Larry Penny
June 1, 2017
I went out looking for signs of gypsy moth infestations on Sunday, exploring the oak-hickory and oak-pine forests along the major Sag Harbor, Bridgehampton, Wainscott, and Northwest Woods roads.

I went out looking for signs of gypsy moth infestations on Sunday, exploring the oak-hickory and oak-pine forests along the major Sag Harbor, Bridgehampton, Wainscott, and Northwest Woods roads. 

Their favorite species, the white oaks, were well represented — still in flower and expanding their fresh, still-drooping pale green or reddish leaves. The good news is that I did not find any sign of gypsy moth caterpillars along the way, not even at a small spot on Route 114 between East Hampton and Sag Harbor where they were rampant by this time of year in 2015. 

It’s still a bit early, so I’ll make the rounds again in another week or so.

Jon M. Diat
June 1, 2017
Despite a mixed bag of weather, the Memorial Day weekend saw a much greater influx of angler participation.

Despite a mixed bag of weather, the Memorial Day weekend saw a much greater influx of angler participation. Whether it was more boats on the drift for fluke or anchored up on hard bottom for porgies, or, for those who preferred to stay on terra firma, casting a variety of lures into the surf, it truly felt like the fishing season officially got underway for 2017. The ribbon has been cut.

Larry Penny
May 25, 2017
Sunday night was cloudy and cool with a slight breeze. I set out for a second night on the trail of the once common but now rare whippoorwill. Last Thursday the Noyac and Bridgehampton hills were under my microscope. Sunday night it would be Northwest Woods in East Hampton and Napeague. I didn’t hear a single whippoorwill the first night. I was hoping that it would be a different story the second time out.

Sunday night was cloudy and cool with a slight breeze. I set out for a second night on the trail of the once common but now rare whippoorwill. Last Thursday the Noyac and Bridgehampton hills were under my microscope. Sunday night it would be Northwest Woods in East Hampton and Napeague. I didn’t hear a single whippoorwill the first night.

Jon M. Diat
May 25, 2017
Despite launching my boat for the season back on March 13, an overly aggressive early date, this spring’s copiously rainy and windy weather left very few opportunities to wet a line and finally put some fresh fish on the table.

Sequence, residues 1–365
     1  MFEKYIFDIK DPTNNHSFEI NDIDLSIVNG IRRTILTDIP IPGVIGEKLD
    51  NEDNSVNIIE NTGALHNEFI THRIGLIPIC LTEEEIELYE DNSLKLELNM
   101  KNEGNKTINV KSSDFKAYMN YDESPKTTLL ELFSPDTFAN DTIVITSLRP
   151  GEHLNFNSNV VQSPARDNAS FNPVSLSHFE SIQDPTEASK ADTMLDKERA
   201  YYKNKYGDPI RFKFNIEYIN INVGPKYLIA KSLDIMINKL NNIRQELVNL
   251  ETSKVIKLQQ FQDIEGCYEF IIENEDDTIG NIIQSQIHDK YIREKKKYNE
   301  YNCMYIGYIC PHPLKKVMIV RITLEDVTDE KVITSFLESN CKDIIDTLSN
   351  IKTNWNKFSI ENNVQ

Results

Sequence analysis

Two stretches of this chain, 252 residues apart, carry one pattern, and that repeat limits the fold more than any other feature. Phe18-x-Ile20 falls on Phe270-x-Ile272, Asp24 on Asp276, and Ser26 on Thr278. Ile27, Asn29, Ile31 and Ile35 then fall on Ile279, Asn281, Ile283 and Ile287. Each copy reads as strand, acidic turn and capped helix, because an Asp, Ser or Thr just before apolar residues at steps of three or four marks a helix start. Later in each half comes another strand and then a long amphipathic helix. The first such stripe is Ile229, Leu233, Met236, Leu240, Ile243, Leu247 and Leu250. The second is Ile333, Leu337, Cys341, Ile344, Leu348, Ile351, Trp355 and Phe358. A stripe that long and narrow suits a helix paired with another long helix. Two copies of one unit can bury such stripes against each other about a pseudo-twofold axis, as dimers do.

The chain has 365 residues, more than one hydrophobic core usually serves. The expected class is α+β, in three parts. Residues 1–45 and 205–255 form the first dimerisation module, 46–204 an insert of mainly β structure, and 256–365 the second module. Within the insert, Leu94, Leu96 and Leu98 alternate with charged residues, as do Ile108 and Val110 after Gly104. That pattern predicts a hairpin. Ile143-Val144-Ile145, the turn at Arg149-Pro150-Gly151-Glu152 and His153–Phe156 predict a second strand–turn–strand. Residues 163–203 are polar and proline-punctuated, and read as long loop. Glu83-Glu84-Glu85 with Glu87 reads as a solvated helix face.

Despite launching my boat for the season back on March 13, an overly aggressive early date, this spring’s copiously rainy and windy weather left very few opportunities to wet a line and finally put some fresh fish on the table. 

Larry Penny
May 18, 2017
The summer birds are back in full force. Most are day birds, but some are nocturnal — the owls and the nightjars such as the nighthawk and whippoorwill.

The summer birds are back in full force. Most are day birds, but some are nocturnal — the owls and the nightjars such as the nighthawk and whippoorwill. 

Jack Graves
May 18, 2017
Ramit Tandon, a Columbia University graduate who left Wall Street for the pro tour recently, swept through the S.Y.S. Open squash tournament this past week, defeating a fellow Indian, Kush Kumar, a member of Trinity College’s national-championship team, 11-3, 11-2, 11-3 in Sunday’s final.

Ramit Tandon, a Columbia University graduate who left Wall Street for the pro tour recently, swept through the S.Y.S. Open squash tournament this past week, defeating a fellow Indian, Kush Kumar, a member of Trinity College’s national-championship team, 11-3, 11-2, 11-3 in Sunday’s final.

David E. Rattray
May 18, 2017
Recreational anglers will have a daily limit of three fish, with a minimum length of 19 inches, when the fluke season opens in New York waters on May 17. The changes are a dramatic reduction from 2016’s five-fish, 18-inch minimum. The recreational fluke season will close on Sept. 21.

Recreational anglers will have a daily limit of three fish, with a minimum length of 19 inches, when the fluke season opens in New York waters on May 17. The changes are a dramatic reduction from 2016’s five-fish, 18-inch minimum. The recreational fluke season will close on Sept. 21. 

David E. Rattray
May 11, 2017
The shadbush are blooming, and the dogwoods and lilacs are, too, which means that there should be fish around. And so there are.

The shadbush are blooming, and the dogwoods and lilacs are, too, which means that there should be fish around. And so there are. 

Larry Penny
May 11, 2017
When I was a boy growing up in Mattituck I poked around everywhere and at everything, collecting many of the things I found, be they animate or inanimate, or, as they say in Twenty Questions, “animal, vegetable, or mineral.”

When I was a boy growing up in Mattituck I poked around everywhere and at everything, collecting many of the things I found, be they animate or inanimate, or, as they say in Twenty Questions, “animal, vegetable, or mineral.” 

T.E. McMorrow
May 4, 2017

Paddle Diva, which has been under fire from the East Hampton Town Zoning Board of Appeals for giving paddleboard lessons in Three Mile Harbor, can continue to operate this season, according to an agreement announced Tuesday between the town and the company, whose owner, Gina Bradley, had sued to stay in business.